Overcoming Procrastination

There are times in our lives that we do not commit to doing something that needs to be done. For some of us, we can be overwhelmed with guilt afterwards or this irresponsibility will somehow add on to our anxiety and cause some unfortunate or unwanted circumstances in our lives.

When it comes to procrastination, how do we know that it is a habit and how do we get rid of this habit? Let’s see what we can do to kick out this habit of putting things off and lead a stress-free life, knowing we have done our part.

Do I Procrastinate?

Chances are, we have all put off doing something we are supposed to at some point in our lives. However, not every one of us does it out of habit, so how do we know if we are procrastinators?

What is procrastination?

By definition, procrastination simply means an act of unnecessarily and voluntarily delaying or postponing something despite knowing there will be a risk of negative consequences of doing so.

If you find yourself constantly putting something off and only address it later on or at the last minute, you might have a habit of procrastination. Other signs of procrastination include always saying “I’ll do it later”, always hitting snooze, easily distracted, and a tendency to not finish a task.

Why do I procrastinate?

Nobody is born a procrastinator. There are many factors that contribute to why we procrastinate. According to Dr Alla Demutska, Lecturer of Clinical Psychology at James Cook University in Singapore, “Your family and life history play a role in the development of procrastination. For example, a harsh controlling family environment is often linked to the development of procrastination. Procrastination is a learned response, which means you can unlearn it. First, you need to understand why and how you use procrastination, and then learn how to change this habit.”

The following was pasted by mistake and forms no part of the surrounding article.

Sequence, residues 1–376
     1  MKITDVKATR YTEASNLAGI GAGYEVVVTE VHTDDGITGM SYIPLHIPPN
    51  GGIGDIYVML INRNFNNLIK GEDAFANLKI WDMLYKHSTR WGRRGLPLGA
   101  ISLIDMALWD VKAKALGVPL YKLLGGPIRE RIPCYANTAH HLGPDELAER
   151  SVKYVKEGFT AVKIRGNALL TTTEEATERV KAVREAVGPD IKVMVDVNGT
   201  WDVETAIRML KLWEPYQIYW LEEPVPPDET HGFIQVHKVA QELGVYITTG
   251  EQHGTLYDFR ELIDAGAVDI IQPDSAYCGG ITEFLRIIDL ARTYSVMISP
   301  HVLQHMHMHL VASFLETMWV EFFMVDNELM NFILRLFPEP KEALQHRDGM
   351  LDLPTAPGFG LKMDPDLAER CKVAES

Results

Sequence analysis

Procrastination has also been linked to unhelpful responses to fear, lack of self-esteem, and distraction. “When we feel anxious or insecure, our amygdala, ‘the threat detector’ part of our brain, perceives the task we are facing as a threat. The amygdala starts to hijack the brain and triggers a fight-or-flight response. This causes problems in our logical and analytical thinking and we have even greater difficulty prioritising things and organising our thoughts,” Dr Demutska explains.

 

 

What Happens When I Procrastinate?

If you find that you are showing signs of procrastination, you might have experienced these consequences before.

Chaotic life

People who procrastinate often struggle with time management. They often find it hard to stick to a schedule and look for reasons to justify delaying tasks.

According to Timothy A Pychyl, Ph.D, “When we feel bad in relation to a task at hand, we’re more likely to procrastinate in an effort to feel better. Of course, this short-term mood repair comes at a cost to our future self.”

This means that while procrastination offers a momentary relief from negative emotions, it comes rushing back the moment we have to face the consequences of the delays.